This is a card I made for hubby Mike. Ace is his favorite dragon. I'm still in the experimental stages with Copic markers and I'm not always sure what to do in the background. But they are faster to use than watercoloring or using Prismas, that is for sure.

This one is for Mike's brother whose birthday is coming up fast. I think he will like Ace too. I'm still practicing also with the sponged backgrounds as seen in Jeanne's tutorial. Both cards are kept fairly simple (no flowery embellishments) because they are for guys!
The High Hopes Hop is on again today! Click on the Diva's blogs as listed in the right side bar to play along and find out who is offering some yummy blog candy today!
Thanks for looking today! I pray God's blessings on you!

Tuesday, November 4, 2008

Thanks from Albert and a Birthday Approaching

I used my Tombow pens and water on wc paper to do this little guy. Distressed the edges with a metal ruler. Made holes in the Basic Grey paper with my paper drill. Frayed the twine around the button brad. Thanks for looking!

OK, so the colors in the photo got a little distorted... you'll have to forgive me. I took this at night and only had one light to shine on it. I did this while I was away in a hotel last week for my hubby's co-worker who had a birthday. I used Prismacolor pencils and Gamsol and then Twinkling H20's to color the image. The holes are punched with my paper drill (love that tool!). Sponged first a yellow and then a brown ink around the edges. Drew the dotted border with an ink pen. Distressed the edges of the blue layer with a metal ruler.
Thanks so much for visiting today!

Monday, November 3, 2008

Second post for today! HHC6, Blog Candy!!

If I knew how to add two or more photos and put the text under each one, I would rather do that than post twice. But when I tried once, I could get two photos but they were one after another, even when I wrote the text between them in the Posting section. If anyone knows how post several photos and have the text remain beneath each one, let me know.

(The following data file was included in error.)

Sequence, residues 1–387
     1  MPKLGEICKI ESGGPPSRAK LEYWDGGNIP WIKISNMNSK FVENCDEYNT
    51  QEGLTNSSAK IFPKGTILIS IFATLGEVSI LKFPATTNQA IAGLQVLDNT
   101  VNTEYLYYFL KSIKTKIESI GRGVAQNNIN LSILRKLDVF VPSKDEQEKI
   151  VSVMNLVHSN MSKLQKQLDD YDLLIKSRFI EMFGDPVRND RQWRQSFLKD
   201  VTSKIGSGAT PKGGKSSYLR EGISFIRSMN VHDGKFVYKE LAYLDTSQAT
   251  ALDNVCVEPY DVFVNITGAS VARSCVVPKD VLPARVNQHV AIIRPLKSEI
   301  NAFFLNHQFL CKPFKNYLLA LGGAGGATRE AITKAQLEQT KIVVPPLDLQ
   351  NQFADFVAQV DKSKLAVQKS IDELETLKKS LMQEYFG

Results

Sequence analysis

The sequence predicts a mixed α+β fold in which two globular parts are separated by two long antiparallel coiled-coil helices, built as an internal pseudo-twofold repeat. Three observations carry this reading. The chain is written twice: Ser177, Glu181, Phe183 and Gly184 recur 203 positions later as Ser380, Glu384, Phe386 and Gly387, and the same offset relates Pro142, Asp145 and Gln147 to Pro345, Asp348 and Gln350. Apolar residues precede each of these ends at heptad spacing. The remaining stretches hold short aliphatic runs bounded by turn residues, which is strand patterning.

But anyhoo, there is another challenge going on at the High Hopes Blog and I am the one who chose the theme. I decided it would be fun to get us all making Christmas cards that used non-traditional colors. I told the Divas they could use red and green but only sparingly, like for a Santa hat, a candy cane, or green for a tree or holly. But other than that, you have to make a Christmas card without red or green predominating. I thought of this fish right away and wanted to make a card using mostly orange and blue. I think he's pretty funny with a fuzzy turquoise Santa hat on!
I used Copics to color the fish and hat, and I borrowed Jeanne's ideas on how to sponge ink on the background for sky, or in this case, water. Thanks Jeanne!
The great news is, if you want to play along, you can join the High Hopes Challenge 6 and have a chance to be selected randomly to win two free stamps from High Hopes! AND the High Hopes Hop is also on again this afternoon! To play that and have ANOTHER chance to win a whole new set of stamps, get hopping through the links of Divas' BLOGS (not SCS galleries) that I have on my right side bar until you find out who it is today (but not til later this aft!). EDIT: The Diva doing the HH Blog Hop got delayed in posting, but it will be up by evening sometime... sorry about that! Life happens to all of us!
Thanks for dropping by!

Project of the Month set on sale

This is a card I made that depicts the current Project Of The Month (POTM) for November. The stamps are sold as a set at 25% off the regular prices on the High Hopes website. If last month's POTM is still on display (three pane Santa) no worries, this dragony one is still on sale for the whole month of November.
I colored the image with my Twinkling H20 paints and used a white gel pen for tiny dot highlights on the critter's cheeks. Used my Fiskar's shape cutter and circle template to cut it out (I know, old school!). I used masking to stamp the separate ribbon and rose and make it into a banner. After painting that and letting it dry, I cut it out with good old fashioned scissors. I adhered it with glue dots.
I cut two more circles out in blue and green for the matting, and distressed the edges of the green to expose the blue. The white stitching is faux, done with my white gel pen.